E.J. Wagner,
The Science of Sherlock Holmes
(John Wiley & Sons, 2006)

Most people will agree that Sherlock Holmes is the greatest detective who never lived. His cool, rational intellect, his formidable powers of observation and his encyclopedic knowledge of the sciences allow him to solve crimes that confound lesser men.

But just what were the sciences like at the time Sir Arthur Conan Doyle was writing the Holmes stories? In The Science of Sherlock Holmes -- subtitled "From Baskerville Hall to the Valley of Fear, the Real Forensics Behind the Great Detective's Greatest Cases" -- E.J. Wagner answers that question.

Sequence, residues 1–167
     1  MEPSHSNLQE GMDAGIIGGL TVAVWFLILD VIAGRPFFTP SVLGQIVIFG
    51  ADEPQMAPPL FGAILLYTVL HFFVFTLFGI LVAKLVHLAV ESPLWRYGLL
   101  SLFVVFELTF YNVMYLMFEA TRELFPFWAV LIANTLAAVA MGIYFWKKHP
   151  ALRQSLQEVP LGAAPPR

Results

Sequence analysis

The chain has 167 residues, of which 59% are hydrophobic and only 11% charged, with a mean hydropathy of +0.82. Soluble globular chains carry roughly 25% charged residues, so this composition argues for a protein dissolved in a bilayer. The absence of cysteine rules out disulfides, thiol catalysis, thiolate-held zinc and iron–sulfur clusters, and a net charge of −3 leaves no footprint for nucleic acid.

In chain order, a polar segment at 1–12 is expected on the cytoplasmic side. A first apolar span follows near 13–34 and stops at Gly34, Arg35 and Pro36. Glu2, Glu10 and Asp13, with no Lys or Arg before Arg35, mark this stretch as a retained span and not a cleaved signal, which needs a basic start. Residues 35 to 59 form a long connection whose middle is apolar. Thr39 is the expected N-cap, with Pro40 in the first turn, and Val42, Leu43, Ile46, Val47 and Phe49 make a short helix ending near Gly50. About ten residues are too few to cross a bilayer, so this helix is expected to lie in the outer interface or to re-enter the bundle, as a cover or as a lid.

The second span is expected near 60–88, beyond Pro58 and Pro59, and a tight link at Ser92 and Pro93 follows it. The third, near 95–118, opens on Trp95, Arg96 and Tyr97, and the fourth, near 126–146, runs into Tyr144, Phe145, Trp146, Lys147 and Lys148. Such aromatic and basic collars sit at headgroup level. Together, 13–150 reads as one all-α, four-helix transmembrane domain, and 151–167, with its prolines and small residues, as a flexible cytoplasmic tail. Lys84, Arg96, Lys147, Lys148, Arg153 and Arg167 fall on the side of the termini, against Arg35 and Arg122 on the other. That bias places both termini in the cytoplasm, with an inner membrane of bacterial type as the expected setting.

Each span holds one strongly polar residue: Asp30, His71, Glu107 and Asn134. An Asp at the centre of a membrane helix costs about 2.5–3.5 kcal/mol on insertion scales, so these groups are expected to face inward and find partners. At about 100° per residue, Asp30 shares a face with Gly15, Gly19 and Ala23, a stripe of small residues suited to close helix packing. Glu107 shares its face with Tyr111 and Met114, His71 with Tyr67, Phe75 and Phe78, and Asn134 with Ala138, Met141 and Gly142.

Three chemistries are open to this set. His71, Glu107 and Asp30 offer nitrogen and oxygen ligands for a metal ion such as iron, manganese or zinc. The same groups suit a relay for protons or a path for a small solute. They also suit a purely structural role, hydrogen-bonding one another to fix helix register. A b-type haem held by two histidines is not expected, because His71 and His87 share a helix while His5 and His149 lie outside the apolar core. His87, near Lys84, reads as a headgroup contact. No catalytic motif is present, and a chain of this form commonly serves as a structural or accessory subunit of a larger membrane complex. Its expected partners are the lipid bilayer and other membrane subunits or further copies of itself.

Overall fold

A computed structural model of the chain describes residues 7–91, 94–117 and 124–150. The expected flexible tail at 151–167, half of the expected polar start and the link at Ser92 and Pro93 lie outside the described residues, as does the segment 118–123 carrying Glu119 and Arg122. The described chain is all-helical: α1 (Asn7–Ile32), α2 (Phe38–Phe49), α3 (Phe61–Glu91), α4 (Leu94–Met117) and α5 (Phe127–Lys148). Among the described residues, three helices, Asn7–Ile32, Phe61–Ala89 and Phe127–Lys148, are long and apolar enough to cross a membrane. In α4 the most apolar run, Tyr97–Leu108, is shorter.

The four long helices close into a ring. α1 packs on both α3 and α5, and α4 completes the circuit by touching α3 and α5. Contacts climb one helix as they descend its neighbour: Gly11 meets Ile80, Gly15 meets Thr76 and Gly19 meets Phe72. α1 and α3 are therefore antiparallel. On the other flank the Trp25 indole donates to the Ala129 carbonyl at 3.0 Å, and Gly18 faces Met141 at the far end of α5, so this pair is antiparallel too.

Each of the book's 13 chapters tackles one discipline, from autopsies to ballistics to criminal psychology, discussing Victorian state-of-the-art criminology. Using both the Sherlock Holmes canon and famous cases of the time, Wagner shows how the science either helped or hindered the investigators.

The history and science Wagner relates are fascinating, and even non-Holmes fans will find the book enjoyable.

review by
Laurie Thayer

30 May 2009

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